The changing role and behaviour of consumers in last mile logistics services: A review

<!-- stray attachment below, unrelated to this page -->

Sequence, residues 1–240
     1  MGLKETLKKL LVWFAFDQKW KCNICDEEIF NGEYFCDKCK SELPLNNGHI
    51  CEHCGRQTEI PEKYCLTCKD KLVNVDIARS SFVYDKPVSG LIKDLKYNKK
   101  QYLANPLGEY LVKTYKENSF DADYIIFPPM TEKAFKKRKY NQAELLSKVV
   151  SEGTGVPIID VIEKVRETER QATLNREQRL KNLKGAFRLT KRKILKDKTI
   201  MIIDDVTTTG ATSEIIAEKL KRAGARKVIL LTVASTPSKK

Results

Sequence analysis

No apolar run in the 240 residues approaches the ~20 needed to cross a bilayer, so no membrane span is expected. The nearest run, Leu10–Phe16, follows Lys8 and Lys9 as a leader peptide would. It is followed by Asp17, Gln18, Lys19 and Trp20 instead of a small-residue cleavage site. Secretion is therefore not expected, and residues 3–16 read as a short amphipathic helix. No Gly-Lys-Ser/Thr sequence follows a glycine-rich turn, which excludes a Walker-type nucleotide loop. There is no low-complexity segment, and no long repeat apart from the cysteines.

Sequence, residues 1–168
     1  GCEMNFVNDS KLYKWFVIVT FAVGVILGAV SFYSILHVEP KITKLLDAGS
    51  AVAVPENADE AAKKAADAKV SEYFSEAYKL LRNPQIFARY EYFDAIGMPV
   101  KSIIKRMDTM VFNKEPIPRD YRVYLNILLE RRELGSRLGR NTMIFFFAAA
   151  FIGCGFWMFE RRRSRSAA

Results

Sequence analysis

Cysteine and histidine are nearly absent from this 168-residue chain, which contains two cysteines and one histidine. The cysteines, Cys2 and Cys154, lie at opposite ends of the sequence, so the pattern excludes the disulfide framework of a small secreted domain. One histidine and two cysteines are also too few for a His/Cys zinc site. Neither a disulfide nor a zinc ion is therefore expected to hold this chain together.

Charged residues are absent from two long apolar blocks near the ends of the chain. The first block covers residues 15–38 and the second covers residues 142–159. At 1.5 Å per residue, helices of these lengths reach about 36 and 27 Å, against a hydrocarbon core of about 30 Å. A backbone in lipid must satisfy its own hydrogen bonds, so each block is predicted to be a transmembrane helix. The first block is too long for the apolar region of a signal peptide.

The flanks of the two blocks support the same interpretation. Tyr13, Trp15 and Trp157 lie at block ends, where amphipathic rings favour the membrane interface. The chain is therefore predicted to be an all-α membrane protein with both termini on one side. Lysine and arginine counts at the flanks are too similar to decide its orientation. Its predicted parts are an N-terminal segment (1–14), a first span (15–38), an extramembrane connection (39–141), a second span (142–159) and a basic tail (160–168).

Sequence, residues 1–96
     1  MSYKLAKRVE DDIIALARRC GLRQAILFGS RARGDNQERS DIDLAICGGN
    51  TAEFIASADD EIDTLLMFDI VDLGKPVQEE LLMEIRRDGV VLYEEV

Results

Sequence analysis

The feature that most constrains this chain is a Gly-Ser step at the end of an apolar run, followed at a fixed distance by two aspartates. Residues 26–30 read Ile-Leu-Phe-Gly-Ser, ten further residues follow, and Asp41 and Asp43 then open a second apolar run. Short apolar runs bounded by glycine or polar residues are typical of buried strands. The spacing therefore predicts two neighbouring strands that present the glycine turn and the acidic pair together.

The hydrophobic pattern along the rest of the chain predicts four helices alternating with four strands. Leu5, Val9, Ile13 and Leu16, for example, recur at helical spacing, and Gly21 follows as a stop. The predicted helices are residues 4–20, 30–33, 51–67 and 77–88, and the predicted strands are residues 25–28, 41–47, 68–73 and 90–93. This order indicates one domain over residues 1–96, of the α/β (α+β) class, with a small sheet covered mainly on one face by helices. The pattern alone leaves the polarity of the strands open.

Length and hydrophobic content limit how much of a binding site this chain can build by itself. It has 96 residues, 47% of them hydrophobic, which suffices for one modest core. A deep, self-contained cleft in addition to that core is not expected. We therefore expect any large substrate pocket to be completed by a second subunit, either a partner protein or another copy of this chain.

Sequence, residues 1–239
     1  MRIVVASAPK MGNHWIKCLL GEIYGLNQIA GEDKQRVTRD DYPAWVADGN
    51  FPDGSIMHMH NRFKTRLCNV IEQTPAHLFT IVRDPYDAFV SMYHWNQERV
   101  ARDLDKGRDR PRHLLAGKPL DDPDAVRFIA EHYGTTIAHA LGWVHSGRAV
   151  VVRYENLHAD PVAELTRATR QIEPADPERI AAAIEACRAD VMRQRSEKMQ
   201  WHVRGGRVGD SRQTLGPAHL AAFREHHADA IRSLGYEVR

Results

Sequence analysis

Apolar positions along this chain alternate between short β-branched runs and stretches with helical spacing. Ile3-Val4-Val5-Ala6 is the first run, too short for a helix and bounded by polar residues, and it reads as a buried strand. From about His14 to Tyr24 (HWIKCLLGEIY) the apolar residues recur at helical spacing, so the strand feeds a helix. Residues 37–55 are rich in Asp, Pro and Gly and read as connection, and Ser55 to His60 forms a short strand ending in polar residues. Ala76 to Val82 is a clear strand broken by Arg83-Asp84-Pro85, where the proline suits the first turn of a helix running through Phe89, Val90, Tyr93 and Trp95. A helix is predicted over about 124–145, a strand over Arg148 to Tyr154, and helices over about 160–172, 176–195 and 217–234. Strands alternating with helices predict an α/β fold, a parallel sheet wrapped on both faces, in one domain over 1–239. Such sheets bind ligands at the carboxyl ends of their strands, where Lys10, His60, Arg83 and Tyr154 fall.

The growth of e-commerce and omnichannel retailing has led to significant changes in urban logistics deliveries. In addition to the traditional delivery channels, new solutions have been introduced, such as click-and-collect, parcel locker delivery, crowdshipping, and on-site delivery. However, such solutions require seamless connections between different layers of the city logistics system. These connections form, in the Physical Internet terminology, a “hyperconnected city”. In this context, how do consumers make decisions about logistics services, either as prospective users or as suppliers of last mile logistics services? We argue that a thorough understanding of consumers’ decision-making about last mile services is a prerequisite for the effective exploration of future demand for these services and the design of transport policies. While there is abundant literature on new approaches of last mile logistics, a review of research on consumers’ decision-making and participation in such services is absent. This paper aims to provide such a review and, based on this, provides directions for future research. Based on the existing literature, we propose a conceptual framework that categorises decisions and system attributes affecting consumers’ decision-making. Highlights for future research include interaction between consumers’ demand and supply decisions, changes in consumer preferences, the importance of social networks, and the city-level impacts of hyperconnected last mile delivery.
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